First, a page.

Dridi said the ASO began relaying their concerns about the lack of Palestinian representation among the flags to the chancellor’s office and to the University Office for Diversity and Inclusion in November 2021. Dridi and two other board members met in person with Guskiewicz in March 2022, and she met with the chancellor a second time in April 2022, she said.
Despite being told that the chancellor's office would follow up with the organization after the April meeting, Dridi said the ASO was not contacted further about the issue.
“At this point, it’s just a matter of equal treatment,” Dridi said. “There's Palestinian students at UNC, that's a fact, there's Palestinian students who graduated from Kenan-Flagler Business School, that's a fact, and they deserve to be celebrated to the equal extent of their other peers.”
Dridi and Hakam wrote in the letter that the sit-in was necessary because the ASO had “exhausted all other channels of advocacy.”
“I joined ASO the second semester of my freshman year and we were in the works of this, and now I’m a junior, and so, it’s been a little crazy to think that it’s been happening for so long,” said Hakam.
Dridi’s sentiment was echoed by another member of ASO who participated in the sit-in and remained anonymous out of fear of the risks associated with advocating for Palestinian representation.
“It’s important that we have representation across all disciplines of our school,” the student said.
In addition to seeing the Palestinian flag hung by the business school, the letter demanded that the business school issue an apology for the delay in hanging the flag.
The ASO also clarified that they wanted the flag to hang beside the “other flags of national origin,” and not among the business school’s affiliation flags.
The affiliation flags are a smaller group of symbols currently hanging outside of Koury Auditorium. They represent affinity groups linked to the business school, including the LGBTQ+ pride flag and the Lumbee Tribe flag.
A student and member of the ASO, who attended the sit-in and requested anonymity, said they were disappointed when they found out about the exclusion of the Palestinian flag and is frustrated by the issue.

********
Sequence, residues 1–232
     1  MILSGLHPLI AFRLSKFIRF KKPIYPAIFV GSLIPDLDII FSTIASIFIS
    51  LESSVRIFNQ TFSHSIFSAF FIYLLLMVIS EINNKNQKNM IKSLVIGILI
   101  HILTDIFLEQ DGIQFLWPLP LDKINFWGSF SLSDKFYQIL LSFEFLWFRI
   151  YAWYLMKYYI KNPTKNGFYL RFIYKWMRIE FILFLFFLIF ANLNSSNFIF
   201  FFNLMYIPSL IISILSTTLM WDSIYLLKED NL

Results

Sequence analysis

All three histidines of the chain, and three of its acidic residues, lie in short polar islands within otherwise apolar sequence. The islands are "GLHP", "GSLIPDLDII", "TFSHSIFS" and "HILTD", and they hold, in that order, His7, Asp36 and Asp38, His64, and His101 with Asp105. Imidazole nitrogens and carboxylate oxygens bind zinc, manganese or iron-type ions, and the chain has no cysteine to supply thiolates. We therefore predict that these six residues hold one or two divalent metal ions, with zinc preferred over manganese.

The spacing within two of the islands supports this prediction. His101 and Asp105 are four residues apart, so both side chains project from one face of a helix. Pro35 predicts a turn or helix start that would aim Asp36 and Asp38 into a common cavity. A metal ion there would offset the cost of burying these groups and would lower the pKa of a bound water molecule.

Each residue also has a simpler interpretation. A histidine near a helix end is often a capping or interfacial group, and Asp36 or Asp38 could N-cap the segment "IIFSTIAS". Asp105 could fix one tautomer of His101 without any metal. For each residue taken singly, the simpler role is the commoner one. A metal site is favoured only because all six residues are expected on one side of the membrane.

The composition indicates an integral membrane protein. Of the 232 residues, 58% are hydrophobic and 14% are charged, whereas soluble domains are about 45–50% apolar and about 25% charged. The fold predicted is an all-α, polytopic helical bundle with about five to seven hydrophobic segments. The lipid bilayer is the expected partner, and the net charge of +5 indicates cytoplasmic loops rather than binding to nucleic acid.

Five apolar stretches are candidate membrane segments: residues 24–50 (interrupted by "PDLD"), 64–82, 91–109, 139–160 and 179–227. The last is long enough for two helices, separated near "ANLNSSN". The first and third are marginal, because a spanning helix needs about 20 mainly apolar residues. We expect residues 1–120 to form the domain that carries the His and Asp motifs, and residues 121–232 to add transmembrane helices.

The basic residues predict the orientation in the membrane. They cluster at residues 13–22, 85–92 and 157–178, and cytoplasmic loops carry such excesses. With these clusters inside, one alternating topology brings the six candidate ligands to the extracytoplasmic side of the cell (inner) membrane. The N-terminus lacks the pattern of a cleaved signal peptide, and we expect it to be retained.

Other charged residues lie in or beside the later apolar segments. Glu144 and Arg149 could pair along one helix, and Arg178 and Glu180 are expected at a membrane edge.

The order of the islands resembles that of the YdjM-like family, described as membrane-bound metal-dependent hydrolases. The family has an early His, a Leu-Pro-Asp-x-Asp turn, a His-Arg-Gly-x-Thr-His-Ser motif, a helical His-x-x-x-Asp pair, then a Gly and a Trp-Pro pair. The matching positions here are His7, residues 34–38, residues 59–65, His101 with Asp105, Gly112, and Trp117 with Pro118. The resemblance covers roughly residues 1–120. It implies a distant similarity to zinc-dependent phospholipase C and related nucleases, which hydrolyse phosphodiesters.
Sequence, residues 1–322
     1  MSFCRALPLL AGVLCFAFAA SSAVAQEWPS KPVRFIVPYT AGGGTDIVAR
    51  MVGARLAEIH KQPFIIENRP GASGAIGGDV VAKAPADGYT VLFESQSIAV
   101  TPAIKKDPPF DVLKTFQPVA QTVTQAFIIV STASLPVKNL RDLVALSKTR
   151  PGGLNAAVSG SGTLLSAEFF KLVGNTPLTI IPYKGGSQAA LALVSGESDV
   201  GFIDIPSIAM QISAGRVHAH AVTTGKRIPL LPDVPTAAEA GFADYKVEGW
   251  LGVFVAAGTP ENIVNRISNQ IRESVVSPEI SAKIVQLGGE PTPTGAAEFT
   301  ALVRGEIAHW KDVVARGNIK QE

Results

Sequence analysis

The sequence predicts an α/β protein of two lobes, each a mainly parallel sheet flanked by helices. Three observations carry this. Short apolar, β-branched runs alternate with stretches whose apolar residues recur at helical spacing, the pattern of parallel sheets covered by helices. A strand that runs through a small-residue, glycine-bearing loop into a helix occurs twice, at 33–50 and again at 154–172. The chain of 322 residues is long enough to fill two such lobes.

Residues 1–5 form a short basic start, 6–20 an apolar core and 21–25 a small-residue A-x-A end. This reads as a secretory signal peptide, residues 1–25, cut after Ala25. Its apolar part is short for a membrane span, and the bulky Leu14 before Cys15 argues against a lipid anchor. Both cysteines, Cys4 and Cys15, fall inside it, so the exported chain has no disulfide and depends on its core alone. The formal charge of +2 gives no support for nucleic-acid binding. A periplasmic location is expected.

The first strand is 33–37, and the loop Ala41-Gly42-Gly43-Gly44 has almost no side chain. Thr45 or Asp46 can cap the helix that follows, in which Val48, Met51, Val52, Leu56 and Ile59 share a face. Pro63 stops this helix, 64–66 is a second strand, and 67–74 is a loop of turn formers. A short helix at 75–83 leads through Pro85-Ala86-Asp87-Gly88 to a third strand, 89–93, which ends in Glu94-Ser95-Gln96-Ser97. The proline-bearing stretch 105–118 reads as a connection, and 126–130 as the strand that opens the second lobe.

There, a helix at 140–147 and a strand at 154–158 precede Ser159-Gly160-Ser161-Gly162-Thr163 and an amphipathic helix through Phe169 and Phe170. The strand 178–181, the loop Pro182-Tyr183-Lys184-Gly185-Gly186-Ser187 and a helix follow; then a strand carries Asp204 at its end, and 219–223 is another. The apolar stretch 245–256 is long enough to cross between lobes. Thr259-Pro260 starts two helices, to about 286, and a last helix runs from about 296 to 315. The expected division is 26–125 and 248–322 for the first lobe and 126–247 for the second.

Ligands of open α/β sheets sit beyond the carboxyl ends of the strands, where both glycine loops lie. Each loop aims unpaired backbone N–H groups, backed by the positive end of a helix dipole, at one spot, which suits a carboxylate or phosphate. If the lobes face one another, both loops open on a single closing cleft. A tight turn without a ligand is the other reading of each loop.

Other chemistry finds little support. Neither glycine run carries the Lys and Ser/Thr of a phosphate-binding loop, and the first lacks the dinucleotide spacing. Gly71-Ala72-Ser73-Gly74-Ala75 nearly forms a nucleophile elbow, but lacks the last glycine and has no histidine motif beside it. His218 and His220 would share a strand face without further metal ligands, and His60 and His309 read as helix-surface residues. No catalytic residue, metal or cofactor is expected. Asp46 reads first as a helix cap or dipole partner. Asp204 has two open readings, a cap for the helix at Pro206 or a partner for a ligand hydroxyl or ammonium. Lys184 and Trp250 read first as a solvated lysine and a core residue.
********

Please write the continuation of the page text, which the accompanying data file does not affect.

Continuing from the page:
“Coming into UNC, and honestly, expecting this campus to be welcoming and representing of my culture and my background, I was honestly disappointed when I found out about this,” they said.
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Looking ahead, Dridi said the ASO will keep advocating for the business school to hang the Palestinian flag by continuing to hold sit-ins.
“At this point, there’s no tiring us out," Dridi said. "We’re not gonna stop until this flag is hung up."
Hakam noted the importance of student represention.
“This isn’t a political issue,” said Hakam. “We’re not saying anything about any events or anything like that, we’re literally just saying that the students here deserve representation, and that includes Palestinian students.”
In a Sept. 27 letter sent to Dridi and Hakam in response, Kenan-Flagler Dean Mary Margaret Frank said there are no students “who identify as being from Palestine” currently enrolled in the business school.
"We fly flags that represent the home countries of only our current students, not alumni," Frank said.
Even if there were Palestinian students in the school, Frank said in the letter, the business school’s policy “would have precluded hanging the flag because Palestine is not recognized by the U.S. as an independent state.”
Dridi said in a text that the ASO “plans to continue their work advocating for the Palestinian flag to be hung up at the business school.”
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